If you have reason to believe that your interaction with us is no longer secure, you must immediately notify us of the problem by contacting us at In the unlikely event that we believe that the security of your user information in our possession or control may have been compromised, we may seek to notify you of that development and, if so, will endeavor to do so as promptly as practicable under the circumstances.

Sharing and Disclosure of Information JD Supra Collects

Except as otherwise described in this privacy statement, JD Supra will not disclose personal information to any third party unless we believe that disclosure is necessary to: (1) comply with applicable laws; (2) respond to governmental inquiries or requests; (3) comply with valid legal process; (4) protect the rights, privacy, safety or property of JD Supra, users of the Service, Website visitors or the public; (5) permit us to pursue available remedies or limit the damages that we may sustain; and (6) enforce our Terms & Conditions of Use.

In the event there is a change in the corporate structure of JD Supra such as, but not limited to, merger, consolidation, sale, liquidation or transfer of substantial assets, JD Supra may, in its sole discretion, transfer, sell or assign information collected on and through the Service to one or more affiliated or unaffiliated third parties.

Links to Other Websites

This Website and the Service may contain links to other websites. The operator of such other websites may collect information about you, including through cookies or other technologies. If you are using the Service through the Website and link to another site, you will leave the Website and this Policy will not apply to your use of and activity on those other sites. We encourage you to read the legal notices posted on those sites, including their privacy policies. We shall have no responsibility or liability for your visitation to, and the data collection and use practices of, such other sites. This Policy applies solely to the information collected in connection with your use of this Website and does not apply to any practices conducted offline or in connection with any other websites.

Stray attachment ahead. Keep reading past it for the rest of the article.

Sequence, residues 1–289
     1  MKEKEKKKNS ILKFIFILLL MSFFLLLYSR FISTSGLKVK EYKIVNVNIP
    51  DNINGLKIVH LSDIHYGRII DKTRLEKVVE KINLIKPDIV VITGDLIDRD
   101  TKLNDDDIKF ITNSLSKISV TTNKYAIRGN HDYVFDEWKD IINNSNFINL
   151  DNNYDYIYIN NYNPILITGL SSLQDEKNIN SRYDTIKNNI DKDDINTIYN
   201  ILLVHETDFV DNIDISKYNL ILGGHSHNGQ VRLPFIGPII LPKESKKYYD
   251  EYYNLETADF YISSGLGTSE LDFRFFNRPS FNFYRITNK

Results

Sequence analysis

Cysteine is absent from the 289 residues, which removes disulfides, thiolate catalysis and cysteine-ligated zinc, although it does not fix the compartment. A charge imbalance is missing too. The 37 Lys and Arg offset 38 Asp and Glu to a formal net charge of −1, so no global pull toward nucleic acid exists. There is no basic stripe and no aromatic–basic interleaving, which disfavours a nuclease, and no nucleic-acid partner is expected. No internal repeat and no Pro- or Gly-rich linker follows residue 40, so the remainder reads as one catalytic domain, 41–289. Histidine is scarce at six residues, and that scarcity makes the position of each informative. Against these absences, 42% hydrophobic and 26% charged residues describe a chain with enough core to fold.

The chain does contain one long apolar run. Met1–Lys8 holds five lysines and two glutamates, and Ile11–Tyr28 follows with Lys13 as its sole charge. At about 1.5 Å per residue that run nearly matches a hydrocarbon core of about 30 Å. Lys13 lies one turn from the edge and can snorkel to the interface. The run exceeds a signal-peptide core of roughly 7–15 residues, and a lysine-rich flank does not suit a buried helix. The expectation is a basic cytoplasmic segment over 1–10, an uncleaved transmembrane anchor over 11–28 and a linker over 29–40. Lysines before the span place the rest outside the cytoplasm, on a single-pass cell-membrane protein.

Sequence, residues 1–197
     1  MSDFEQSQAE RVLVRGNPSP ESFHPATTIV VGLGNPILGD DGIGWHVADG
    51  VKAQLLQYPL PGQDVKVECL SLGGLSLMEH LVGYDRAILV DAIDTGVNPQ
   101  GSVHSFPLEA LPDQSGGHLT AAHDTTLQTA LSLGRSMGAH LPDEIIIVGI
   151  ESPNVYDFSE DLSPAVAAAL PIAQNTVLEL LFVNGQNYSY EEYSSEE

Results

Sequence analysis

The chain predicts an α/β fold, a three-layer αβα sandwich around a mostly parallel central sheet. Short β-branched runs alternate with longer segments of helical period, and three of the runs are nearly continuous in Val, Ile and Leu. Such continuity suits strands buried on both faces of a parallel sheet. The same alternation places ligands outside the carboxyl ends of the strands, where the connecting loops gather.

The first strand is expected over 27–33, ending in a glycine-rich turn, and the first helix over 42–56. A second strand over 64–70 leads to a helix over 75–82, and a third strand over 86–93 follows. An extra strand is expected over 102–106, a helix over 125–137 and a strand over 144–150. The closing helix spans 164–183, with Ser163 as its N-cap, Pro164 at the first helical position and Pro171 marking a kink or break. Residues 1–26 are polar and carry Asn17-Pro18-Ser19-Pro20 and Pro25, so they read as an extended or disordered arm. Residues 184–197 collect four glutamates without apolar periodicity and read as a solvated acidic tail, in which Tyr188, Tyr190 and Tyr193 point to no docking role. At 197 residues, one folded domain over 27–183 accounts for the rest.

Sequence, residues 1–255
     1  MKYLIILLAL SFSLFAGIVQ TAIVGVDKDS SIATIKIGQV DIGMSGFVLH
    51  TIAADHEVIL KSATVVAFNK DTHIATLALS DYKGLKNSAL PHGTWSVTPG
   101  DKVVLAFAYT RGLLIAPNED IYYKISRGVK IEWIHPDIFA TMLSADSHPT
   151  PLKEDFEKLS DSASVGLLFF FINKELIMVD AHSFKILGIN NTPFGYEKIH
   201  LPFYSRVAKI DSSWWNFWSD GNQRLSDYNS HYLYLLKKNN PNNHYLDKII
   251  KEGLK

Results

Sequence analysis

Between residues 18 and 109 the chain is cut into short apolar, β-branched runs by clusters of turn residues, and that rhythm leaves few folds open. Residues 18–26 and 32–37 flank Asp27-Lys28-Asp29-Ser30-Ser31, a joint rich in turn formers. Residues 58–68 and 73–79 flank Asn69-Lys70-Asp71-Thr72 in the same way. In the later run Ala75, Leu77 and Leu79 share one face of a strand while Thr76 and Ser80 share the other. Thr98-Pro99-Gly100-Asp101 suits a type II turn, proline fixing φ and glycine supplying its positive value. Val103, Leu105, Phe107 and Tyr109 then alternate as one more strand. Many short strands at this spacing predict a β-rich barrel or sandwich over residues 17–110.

Changes in Our Privacy Policy

We reserve the right to change this Policy at any time. Please refer to the date at the top of this page to determine when this Policy was last revised. Any changes to our privacy policy will become effective upon posting of the revised policy on the Website. By continuing to use the Service or Website following such changes, you will be deemed to have agreed to such changes. If you do not agree with the terms of this Policy, as it may be amended from time to time, in whole or part, please do not continue using the Service or the Website.

Contacting JD Supra

If you have any questions about this privacy statement, the practices of this site, your dealings with this Web site, or if you would like to change any of the information you have provided to us, please contact us at:

- hide
*With LinkedIn, you don't need to create a separate login to manage your free JD Supra account, and we can make suggestions based on your needs and interests. We will not post anything on LinkedIn in your name. Or, sign up using your email address.